Quite Possibly the Most Offensive Christmas Song Ever

Don’t play it if you don’t have a sense of humor. Don’t play it if you don’t want to hear “bad words.” You probably shouldn’t play it at work.


In Closing: the choice to fail; the majority of Americans want common sense; tweeting pope; and you thought American banks were bad; on the economy; explaining Iceland; let me save you some reading; NDAA sucks and the new version is no better; “And when a story has enough obvious holes in it that small children roll their eyes, its literal truth is going to be a tough sell”; all the econo-talk you can stand in one place; on Grover Norquist; avoiding the cliff; and the smartest thing I ever read about small business taxes is “My company and my competitors never made a decision based on taxes.  They made decisions incorporating what the tax structure is because we can’t change it.”

I think I have a better idea….

So Clark County School District — the 5th largest school district in the nation — has a “successful” pilot of a program to keep track of students on school busses. Parents can theoretically find out whether their kids got on the bus, and where the bus is. Roughly 700 of the 110,000 students who daily ride the bus got special ID cards and were tracked for 4 whole weeks. Clearly something short of a representative sample. However, “because of financial problems, the district has shelved any large-scale program.”

Good for administrators for realizing that there were concerns about losing passes, and concerns about the costs of the system.

However, here’s the thing. There’s already a great technology in the hands of many middle school students and virtually all high school students that parents can use to keep track of their kids. Better yet, there is absolutely zero cost to the school district for this technology; most parents willingly — nay, eagerly — pay for implementation and all necessary equipment. I personally tested it for 4 years within the Clark County School District Transportation Department, and I feel certain that other parents here and elsewhere have similar experiences. In one case, I was even alerted to a wreck involving the school bus. This of course not only delayed pickup, but changed the pickup location. Use of this amazing technology saved the school district the time and expense of individual notifications to parents in most cases.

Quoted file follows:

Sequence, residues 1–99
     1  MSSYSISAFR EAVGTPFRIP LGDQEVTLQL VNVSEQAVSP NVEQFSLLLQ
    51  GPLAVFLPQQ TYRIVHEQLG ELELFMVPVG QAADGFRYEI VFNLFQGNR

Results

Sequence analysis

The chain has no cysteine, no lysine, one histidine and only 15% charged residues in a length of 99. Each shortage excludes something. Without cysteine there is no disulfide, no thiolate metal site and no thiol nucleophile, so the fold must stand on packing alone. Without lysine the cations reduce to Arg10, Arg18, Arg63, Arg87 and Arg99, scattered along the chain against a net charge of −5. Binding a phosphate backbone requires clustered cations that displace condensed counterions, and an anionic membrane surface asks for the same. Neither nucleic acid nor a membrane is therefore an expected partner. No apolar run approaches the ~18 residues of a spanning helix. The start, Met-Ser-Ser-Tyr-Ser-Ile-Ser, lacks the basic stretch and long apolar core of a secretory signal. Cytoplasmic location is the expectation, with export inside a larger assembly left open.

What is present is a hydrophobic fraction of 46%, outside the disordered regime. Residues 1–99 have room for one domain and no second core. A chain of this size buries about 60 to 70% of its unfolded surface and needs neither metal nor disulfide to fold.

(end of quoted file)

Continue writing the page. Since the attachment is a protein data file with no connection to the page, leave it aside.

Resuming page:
It’s called a cell phone.

Stop trying to reinvent the wheel, and stop pretending that a child’s RFID tag is necessarily in the same location as the child.

In closing: good call; inconvenient truth for anti-porn crusaders; Heinlein; I guess none of the researchers ever played the “telephone game”, or they could have saved a lot of research; so some busybody docs and pharmacists think they know more about women’s reproductive health than gynecologists; support a political cartoonist; hackers, crackers, and black swans; Expert Ezra; what could possibly go wrong; income inequality; the Buffett Rule; sure, there’s no such thing as inflation; and Cat Heaven Island. Enjoy an early Caturday.

Music Monday: Life Pro Tip


If you ever find yourself asking “Should I Drink Another Drink,” the answer is almost certainly NO! At least this song is conscious of that fact.

In Closing: sigh our “liberal” administration that is “lax on terror” sure loves them some warrantless surveillance (and how many arrests have there been as a result? Yeah that’s what I thought); maybe if you paid enough that somebody could take the job?; Missouri shows me the common sense; the fiscal cliff and you; Penny Marshall; “Sure, increase the number of chickens you have to inspect in a minute by a factor of 5! What could possibly happen?”; because every kid who scores less than 3 out of 5 is a waste of $80 (yes, I see what the pressure cooker does to kids that actually belong in those classes); where does “work ethic” meet “unrealistic job expectations”? Are workers entitled to a life?; zingers; private equity; on polling bias; Pediatric concern trolls strike again; no wonder they never get ahead.